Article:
Communicate like a Dominican
Without Saying a Word

Dominican gestures that will make your trip a lot more fun!

Every culture has its own dictionary of silent gestures that are used to communicate, but the people of the Dominican Republic are particularly expressive! Just like with language, some things don’t exactly translate into other cultures, so we created this visual guide of gestures that you will probably see during your vacation to Cabarete, Dominican Republic. We hope you find it useful (and fun!).

Over There

THIS IS NOT A SOMEONE ASKING FOR A KISS. It actually means “over there”. Many cultures think pointing with the index finger is very rude, so Dominicans have taken up pointing with their lips instead. This gesture is not exclusive to the Dominican Republic, however. Lip-pointing is also prevalent in Southeast Asia (especially among Filipinos), Australia, the Caribbean, Africa, and South America.

What Did You Just Say?

No, you do not stink (well maybe, but that is not what this gesture means). The person you are talking to either did not hear what you just said or they didn’t understand what you just said. So, repeat yourself until the nose-wiggling stops.

Oh Snap!

This gesture comes with a LOUD snapping sound and can mean a few things depending on the context. Let’s say a really pretty lady is walking by. She might be so hot that she deserves to be cooled off with the wind of the proverbial “oh snap”. Now, let’s say your dad walks into your room while you are chillin’ with your amigos and calls you out on not taking out the trash in front of them. Your friends will totally feel the burn and proceed to rub it in with this flamboyant move.

No No

This little finger wave is important because it really drives home the fact that no means no. Sometimes you already know that the answer is no, so to save everyone a little time you can just bust out the “No No Finger”. It also is super useful in places where it is noisy, like out on the street when you are waiting for a guagua but a motoconcho passes by with a “beep beep” as to ask if you need a ride. Rather than shouting “No gracias, I am waiting for a guagua” you can just give the driver a little wave of the finger and he will know exactly what you mean.

Let’s Eat

This one is pretty self explanatory…we think. At least with the big white caption it is. We should note that maybe our model has gotten a little bit over zealous by adding in some chomping with his wave toward the mouth, but this could also mean that he is extra hungry. We are open minded and everyone is entitled to add their own flare to these gestures.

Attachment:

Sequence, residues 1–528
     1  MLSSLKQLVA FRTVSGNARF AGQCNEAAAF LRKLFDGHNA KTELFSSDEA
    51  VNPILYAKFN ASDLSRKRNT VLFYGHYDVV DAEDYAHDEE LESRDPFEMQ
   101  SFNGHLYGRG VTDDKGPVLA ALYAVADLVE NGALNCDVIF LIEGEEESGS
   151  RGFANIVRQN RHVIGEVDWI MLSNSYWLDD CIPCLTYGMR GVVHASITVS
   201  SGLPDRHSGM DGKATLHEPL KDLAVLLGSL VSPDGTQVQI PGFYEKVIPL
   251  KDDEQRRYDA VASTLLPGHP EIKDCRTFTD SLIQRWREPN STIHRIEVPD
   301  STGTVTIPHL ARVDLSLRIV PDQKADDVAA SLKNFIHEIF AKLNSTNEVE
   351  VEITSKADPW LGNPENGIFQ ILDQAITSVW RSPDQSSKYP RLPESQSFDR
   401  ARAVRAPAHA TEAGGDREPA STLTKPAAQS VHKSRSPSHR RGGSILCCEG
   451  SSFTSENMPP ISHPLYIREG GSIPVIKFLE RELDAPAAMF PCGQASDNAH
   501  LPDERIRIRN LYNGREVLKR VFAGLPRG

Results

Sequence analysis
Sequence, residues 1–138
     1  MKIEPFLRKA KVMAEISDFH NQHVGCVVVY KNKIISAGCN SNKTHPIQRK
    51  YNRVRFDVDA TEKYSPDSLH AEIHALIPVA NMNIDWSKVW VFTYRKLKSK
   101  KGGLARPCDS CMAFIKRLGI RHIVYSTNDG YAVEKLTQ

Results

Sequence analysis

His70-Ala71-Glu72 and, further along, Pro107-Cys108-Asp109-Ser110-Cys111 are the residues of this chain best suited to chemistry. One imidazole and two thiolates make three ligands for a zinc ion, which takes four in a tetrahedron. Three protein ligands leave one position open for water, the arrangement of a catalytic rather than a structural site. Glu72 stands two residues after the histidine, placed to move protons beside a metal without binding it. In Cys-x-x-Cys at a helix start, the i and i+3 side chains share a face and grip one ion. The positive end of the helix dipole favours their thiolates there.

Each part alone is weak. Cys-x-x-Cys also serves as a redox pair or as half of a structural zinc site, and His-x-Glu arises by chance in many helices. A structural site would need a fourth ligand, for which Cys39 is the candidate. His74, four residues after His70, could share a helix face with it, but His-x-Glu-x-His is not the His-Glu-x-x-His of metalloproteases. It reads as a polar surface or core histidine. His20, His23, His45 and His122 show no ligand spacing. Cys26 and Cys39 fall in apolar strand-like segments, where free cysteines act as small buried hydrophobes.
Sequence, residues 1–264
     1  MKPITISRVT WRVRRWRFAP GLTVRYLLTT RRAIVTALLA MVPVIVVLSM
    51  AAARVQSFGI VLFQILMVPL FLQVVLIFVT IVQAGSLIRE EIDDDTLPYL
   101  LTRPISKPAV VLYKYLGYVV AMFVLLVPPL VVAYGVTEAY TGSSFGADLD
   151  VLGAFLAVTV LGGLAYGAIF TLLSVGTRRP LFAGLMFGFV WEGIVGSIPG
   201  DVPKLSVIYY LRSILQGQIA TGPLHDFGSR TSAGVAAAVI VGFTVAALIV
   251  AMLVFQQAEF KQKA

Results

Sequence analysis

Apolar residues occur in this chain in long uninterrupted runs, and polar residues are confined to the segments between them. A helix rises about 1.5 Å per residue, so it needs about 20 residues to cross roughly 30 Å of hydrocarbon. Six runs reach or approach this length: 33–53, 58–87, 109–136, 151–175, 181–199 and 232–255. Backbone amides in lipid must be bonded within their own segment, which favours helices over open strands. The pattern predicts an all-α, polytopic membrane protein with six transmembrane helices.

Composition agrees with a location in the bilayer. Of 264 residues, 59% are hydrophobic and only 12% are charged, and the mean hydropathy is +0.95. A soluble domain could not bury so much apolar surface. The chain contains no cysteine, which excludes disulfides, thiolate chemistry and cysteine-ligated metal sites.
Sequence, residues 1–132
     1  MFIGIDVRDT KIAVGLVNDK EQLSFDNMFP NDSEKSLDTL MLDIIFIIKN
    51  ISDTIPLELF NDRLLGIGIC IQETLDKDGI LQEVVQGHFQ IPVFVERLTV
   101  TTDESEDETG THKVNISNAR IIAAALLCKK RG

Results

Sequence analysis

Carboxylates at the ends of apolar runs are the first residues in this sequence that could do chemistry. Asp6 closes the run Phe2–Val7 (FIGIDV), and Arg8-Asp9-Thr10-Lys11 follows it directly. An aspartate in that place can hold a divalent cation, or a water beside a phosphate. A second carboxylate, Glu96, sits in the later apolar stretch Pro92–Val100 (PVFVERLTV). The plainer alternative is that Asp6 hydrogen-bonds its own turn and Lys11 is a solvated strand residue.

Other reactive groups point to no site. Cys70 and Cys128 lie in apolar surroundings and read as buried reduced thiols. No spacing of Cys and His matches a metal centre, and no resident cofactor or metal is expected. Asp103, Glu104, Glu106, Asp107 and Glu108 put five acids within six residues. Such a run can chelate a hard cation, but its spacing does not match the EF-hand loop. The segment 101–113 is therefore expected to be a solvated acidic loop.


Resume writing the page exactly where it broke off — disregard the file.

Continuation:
Hard Work

We have probably all seen some version of this one before, but the Dominican Republic can get really hot in some parts of the country, so the motion of wiping the brow could be a little more literal in this case. Keep in mind that not everything is to be taken literally though. Sometimes lifting a few cervezas to your lips on a sunny Saturday afternoon can also put a whoopin’ on you!


No this is not a grasshopper playing the world’s smallest violin. This is the sign for dinero (Spanish for money) because the gesture resembles the act of rubbing coins or bills together. It’s a pretty universal thing in all cultures, but notice the pursed lips on our model…this is an extra special flare that Dominicans often add to rubbing the fingers together.

Later On

There isn’t much to say about this one. It just is what it is. So, in lieu of some witty paragraph telling you where this gesture originated, we will just teach you the Spanish word for later on or afterwards: Después.

Let’s Go

This is another gesture that came about because it is rude to interrupt someone when they are talking. So, rather than shouting vámonos (Spanish for let’s go) when you are super hungry and in need of some pica pollo pronto…you can just quietly use this sign to signify that you are ready to leave. Keep in mind that facial features represent the amount of urgency included with the need to scat. In this case, it seems rather urgent.

*Obviously most of these gestures are not exclusive to the Dominican Republic, but they are gestures that are universally understood here. If you care to elaborate on any of the examples we have provided or think we have left out any important ones, please let us know in the comments below.

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